For most of us, discovering our strengths – those things we’re good at and actually enjoy doing – sounds like a good idea.  After all a growing body of research suggests doing what we do best each day at work may help to improve our confidence, our performance and our happiness.  But what happens if you complete a strengths assessment like the VIA Survey or Gallup StrengthsFinder, only to find that your results are neither what you want or need in your job?

“I sound like a nun!” complained a recent coaching client. The truth is there’s no guarantee that just because you’re good at something and enjoy doing it, these will be the strengths you’re excited to have.  Repeatedly I see people who feel disappointed about how boring their strengths are, worried their strengths have nothing to do with their job, or just want completely different strengths like “self-regulation” to draw upon.

But if you don’t like your strengths is there really anything you can do to change them?

halfpoint collection/canva
Source: halfpoint collection/canva

It appears researchers now agree that both our talents and character strengths are capable of change. You see while our strengths exist within us they are also shaped by the situations that we find ourselves in. 

This is why people who take the free VIA Survey on an annual basis often find that while some strengths stay consistently high, others will move around.    For example, the strengths of “Creativity” and “Curiosity” always rate highly for me, but over the last eight years “Zest” will move up and down depending on how well I’m physically looking after myself.

Neuroscience has also found that because our brains are capable of learning right throughout our lives that with enough regular practice it is possible to build new neural pathways that help us to become good at and enjoy doing new behaviors.  Let me be clear there’s still hot debate over how long this might take and some popular estimates suggest it might be as high as 8,000 to 10,000 hours of practice, but it is possible.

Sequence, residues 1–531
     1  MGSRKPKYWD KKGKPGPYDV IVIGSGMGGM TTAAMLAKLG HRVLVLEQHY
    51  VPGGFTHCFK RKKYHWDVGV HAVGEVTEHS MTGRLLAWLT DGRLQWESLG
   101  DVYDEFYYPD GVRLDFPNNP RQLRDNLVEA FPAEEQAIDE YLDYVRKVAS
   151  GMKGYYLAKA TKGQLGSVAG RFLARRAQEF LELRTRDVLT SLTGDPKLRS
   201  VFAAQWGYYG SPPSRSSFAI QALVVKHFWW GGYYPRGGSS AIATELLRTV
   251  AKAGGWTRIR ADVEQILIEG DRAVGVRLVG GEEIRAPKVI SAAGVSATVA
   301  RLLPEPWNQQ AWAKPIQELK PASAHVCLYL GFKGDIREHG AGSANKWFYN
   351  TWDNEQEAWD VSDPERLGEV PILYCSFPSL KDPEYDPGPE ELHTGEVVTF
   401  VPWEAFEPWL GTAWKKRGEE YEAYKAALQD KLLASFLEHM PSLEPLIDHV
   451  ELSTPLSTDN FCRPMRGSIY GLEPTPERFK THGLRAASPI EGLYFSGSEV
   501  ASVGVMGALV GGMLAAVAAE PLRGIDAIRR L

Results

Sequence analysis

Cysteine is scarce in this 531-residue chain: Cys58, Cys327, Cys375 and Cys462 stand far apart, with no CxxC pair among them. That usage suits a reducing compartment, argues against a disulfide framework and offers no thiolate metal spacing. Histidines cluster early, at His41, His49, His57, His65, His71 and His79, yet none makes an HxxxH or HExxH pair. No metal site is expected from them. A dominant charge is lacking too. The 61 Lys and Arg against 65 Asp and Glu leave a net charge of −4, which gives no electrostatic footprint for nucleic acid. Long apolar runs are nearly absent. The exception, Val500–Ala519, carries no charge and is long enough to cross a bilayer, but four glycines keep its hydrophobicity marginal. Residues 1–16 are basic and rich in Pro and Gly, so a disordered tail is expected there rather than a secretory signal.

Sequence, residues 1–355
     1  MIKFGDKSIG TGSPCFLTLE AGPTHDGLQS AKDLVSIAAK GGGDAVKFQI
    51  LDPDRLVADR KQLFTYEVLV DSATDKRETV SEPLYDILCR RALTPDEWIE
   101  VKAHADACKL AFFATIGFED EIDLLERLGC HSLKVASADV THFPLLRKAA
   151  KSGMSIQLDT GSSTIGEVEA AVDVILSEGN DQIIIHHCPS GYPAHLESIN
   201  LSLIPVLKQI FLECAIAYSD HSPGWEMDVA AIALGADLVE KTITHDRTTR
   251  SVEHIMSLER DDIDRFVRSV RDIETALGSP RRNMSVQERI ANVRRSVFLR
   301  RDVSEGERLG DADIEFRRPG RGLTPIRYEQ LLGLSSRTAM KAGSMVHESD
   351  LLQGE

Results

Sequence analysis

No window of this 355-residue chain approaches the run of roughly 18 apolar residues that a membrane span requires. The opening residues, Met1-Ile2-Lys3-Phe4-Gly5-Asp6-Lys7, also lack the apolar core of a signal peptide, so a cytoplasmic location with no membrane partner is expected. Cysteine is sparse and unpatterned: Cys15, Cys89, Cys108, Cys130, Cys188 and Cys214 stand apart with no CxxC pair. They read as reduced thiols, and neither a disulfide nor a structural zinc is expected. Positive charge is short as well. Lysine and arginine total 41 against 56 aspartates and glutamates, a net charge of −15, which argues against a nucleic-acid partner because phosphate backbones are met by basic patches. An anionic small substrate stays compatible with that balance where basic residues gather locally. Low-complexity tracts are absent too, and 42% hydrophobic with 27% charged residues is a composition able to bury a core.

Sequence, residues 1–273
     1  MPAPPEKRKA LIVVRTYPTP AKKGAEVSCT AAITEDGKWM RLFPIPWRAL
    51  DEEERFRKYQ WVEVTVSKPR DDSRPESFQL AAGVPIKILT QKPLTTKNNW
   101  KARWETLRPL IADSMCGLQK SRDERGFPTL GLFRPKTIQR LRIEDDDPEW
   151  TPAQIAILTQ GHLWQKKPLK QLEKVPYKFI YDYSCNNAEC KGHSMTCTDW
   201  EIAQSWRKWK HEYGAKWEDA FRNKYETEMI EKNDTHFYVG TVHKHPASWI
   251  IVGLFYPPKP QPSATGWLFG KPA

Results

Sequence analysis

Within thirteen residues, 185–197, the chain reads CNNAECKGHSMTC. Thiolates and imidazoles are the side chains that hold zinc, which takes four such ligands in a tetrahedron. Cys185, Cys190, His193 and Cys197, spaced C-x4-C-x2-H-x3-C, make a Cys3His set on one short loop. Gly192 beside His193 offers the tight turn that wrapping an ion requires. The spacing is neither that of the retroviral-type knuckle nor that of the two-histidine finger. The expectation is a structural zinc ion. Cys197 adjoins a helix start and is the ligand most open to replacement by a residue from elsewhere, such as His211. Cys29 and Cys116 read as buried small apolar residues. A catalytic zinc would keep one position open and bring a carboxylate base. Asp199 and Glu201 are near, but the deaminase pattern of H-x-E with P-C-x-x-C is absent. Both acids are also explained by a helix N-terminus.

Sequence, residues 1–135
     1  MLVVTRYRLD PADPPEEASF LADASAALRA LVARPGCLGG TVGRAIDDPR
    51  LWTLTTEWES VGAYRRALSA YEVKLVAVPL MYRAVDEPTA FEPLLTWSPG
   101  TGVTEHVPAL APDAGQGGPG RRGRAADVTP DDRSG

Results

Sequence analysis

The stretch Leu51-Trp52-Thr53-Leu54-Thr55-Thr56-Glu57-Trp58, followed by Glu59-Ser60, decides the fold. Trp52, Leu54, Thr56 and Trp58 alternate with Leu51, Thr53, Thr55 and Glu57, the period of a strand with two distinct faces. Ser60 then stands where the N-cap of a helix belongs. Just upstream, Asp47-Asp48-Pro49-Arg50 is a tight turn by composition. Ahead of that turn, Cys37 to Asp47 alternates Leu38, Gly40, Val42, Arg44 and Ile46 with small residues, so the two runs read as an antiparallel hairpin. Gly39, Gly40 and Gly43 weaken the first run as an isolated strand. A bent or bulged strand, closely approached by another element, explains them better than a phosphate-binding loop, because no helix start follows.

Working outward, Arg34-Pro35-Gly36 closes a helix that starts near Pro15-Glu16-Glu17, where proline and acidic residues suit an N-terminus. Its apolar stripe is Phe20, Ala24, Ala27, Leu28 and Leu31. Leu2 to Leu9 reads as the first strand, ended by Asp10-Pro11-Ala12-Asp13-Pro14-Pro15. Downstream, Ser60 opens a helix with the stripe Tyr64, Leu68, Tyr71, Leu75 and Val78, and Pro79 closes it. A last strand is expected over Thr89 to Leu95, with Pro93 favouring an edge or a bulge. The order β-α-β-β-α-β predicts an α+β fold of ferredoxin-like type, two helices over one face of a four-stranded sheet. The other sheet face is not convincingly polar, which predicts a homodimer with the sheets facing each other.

For example, eight years ago “Love” was my twentieth strength.  Wanting this to feature more prominently in my life I decided to start taking small daily actions to bring more love into my life.  And slowly but surely, this strength has climbed up in my results until recently it featured as my number one strength.

So what can you do to change your strengths?

Here are the three things I recommend when people tell me they don’t like their strengths:

  • Check if your survey results are right – if your results really don’t feel like you then share them with colleagues, friends or family who know you well and ask them to rate what your top strengths are and be guided by all of this input and what you know to be true about yourself.  Recently a man in one of my workshops who was struggling to navigate the changes of a new job and a new baby in his life, got his VIA Survey results and while agreeing they reflected who he was right now he didn’t feel like they were who he was at his best.   He decided to take the test again but this time answered the questions as he would have during a more stable period in his life. Finding the results felt much more like him, he decided to focus on developing these strengths.

It’s an important reminder that as Professor Chris Peterson, the creator of the VIA Survey, once counselled me: “Surveys are tools, not a magic oracle.”  So trust what you and the people who know you best identify as your strengths.

  • Discover the value of your strengths – by definition all strengths are good.  If your strength results feel like you, but you just think they’re boring it might be time to re-discover the value of what these strengths bring to you and others.  “Humility” might not feel like the most exciting strength, but it’s what makes it possible for you to quietly and authentically get things done in team environments.   That sounds pretty valuable.

My coaching client who feared her strengths made her sound like a nun, did reluctantly agree that the results were an accurate representation of who she was at her best. It was only when we started exploring all the different ways her strengths like “Honesty”, “Kindness” and “Perspective” showed up in her work and the positive impact they helped her to have that she conceded her strengths weren’t that bad.

  • Invest in building new strengths – remember your strengths are buildable and changeable.  They exist within you and within the situations you find yourself in.   By prioritizing the practice of specific strengths – like I did with my strength of “Love” – or by putting yourself in situations that give you more opportunity to develop them – like going to the gym regularly to improve your “Zest” – you can create change. Just be realistic about the amount of time and effort this might take.

What can you do to re-discover the joy of your strengths and do more of what you do best? 

You are reading

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